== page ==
How do I get a car stereo with a "normal" user interface?

This question is going to border on IMHO, but I’m really trying to find an answer.

I’m shopping for a car stereo. I want one that plays MP3 discs. This apparently means I have to settle for the god-awful UI’s that appeal to teenage boys who just want the flashiest looking stereo on the block.

I like my factory stereo (but alas, it’s dying). I like a volume knob that’s not overloaded to have 14 different functions. I don’t want or need it to scroll “Alpine” across the display when I turn it on, and I don’t need it to have “screensaver mode” or space-wasting animations of spinning discs to indicate that, yes, it’s playing music (I can hear that, thanks). What I do want is for it to be easy to navigate the music library on the disc, and not expect me to know that the Miles Davis is in “FOLDER 01” and the James Brown is in “FOLDER 02”.

And lest anyone think I’m some kind of technophobe who just isn’t going to be capable of dealing with the massive complexity of a device that plays MP3’s, I give you the squeezebox, which has an incredibly elegant and simple UI for working with a large music library. It’s the way the car stereos ought to be.

So I ask you folks: are there high-tech car stereos designed for, uh, more mature people who value usability over flashiness? Where do I find them?

You could just use an iPod or other MP3 player that has an FM transmitter attachment available, and play through a simple car radio.

The Clarion ones aren’t hideous. At least they’re mostly black.

I bought a Clarion MP3/CD stereo a few months ago and I like it. It is all black like you said and the display is blue. It does have a screensaver but you can turn that off if you want. Other, than that, it seems pretty simple and “normal” to me.

One fo the few non-bling bling car stereo brands out there is Becker. Unfortunately, like all good things it seems, the brand is not available in the US. Clarion is probably the way to go.

I have a Kenwood MP3 stereo that I use daily. The display has a few animated modes, but I’ve turned those off, since the novelty is over. I do like that the display can show what’s playing based on the ID3 codes in the MP3 file. And my volume knob does nothing but adjust the volume. Then again, when I bought it it was the cheapest MP3 player Kenwood made (had to be a Kenwood to work with my CD changer), so maybe you just need to set your sights lower.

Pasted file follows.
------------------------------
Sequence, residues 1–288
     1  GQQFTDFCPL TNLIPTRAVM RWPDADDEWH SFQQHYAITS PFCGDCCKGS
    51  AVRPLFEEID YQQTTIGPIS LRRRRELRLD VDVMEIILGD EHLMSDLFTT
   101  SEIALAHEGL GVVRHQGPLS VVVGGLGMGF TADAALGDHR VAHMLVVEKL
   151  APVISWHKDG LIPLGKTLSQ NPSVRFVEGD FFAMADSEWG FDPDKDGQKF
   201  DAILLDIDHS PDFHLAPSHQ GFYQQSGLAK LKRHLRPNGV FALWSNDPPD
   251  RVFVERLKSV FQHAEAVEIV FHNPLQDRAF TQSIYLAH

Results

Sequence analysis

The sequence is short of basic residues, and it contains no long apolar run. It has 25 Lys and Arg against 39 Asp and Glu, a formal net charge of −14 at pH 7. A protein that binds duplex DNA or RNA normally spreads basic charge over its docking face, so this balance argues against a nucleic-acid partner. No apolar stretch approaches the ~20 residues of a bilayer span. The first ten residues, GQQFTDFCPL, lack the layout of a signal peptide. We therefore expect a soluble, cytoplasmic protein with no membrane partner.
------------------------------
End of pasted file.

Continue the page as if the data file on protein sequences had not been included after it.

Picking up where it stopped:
I have a Pioneer head unit. I was looking for the same thing you were: a non-flashy interface. My Pioneer has a nice, unadorned volume knob, simple display, and some extremely nice features. Price: $150-350 at Best Buy depending on what features you want. Check it out.

(Of course, this is for a CD player…I’m not sure if Pioneer makes MP3 players, so my entire post may be moot. :))

You might want to look into the specs further. Most car MP3 players have a variety of display options settings re how the message can be displayed (ie static, scrolling, title, time, etc.) It’s not just the default eye catching/annoying mode you see in the store.

There are brands of car audio that probably fall along the lines you’re looking for, but most of them are pretty spendy. (A brand called “McIntosh” (sp?) comes to mind.)

I also dislike the bling-bling design of current affordable but crappy car HU’s, so I went with an Eclipse model that had all the right stuff, and a minimal amount of the bling-bling crap. I forget the model number, but it has suprisingly high end features (including MP3 compatibility) for such a drab and boring looking solid-state face with two knobs.

Thing is, you have to remember the market that most car CD players are meant to appeal to. Most older adults drive newer higher end cars that already have them, and the factory units are high enough quality these days to last the life of the car, so the market is pretty much driven by teens in Honda Civics.

It’s not just the display that makes a unit bling-bling; it’s the overall design. No right angles, irregular-shaped buttons and displays lined up at strange angles, lots of chrome, and other things that make a head unit visually incompatible with all but the most riced out Civic. You can turn off the displays of most units, but the bling-bling will still show through. Car recievers now look like they were exposed to extreme heat for several hours, with chrome added to any resulting raised surface.

I’m with AndrewT. Try an MP3 player.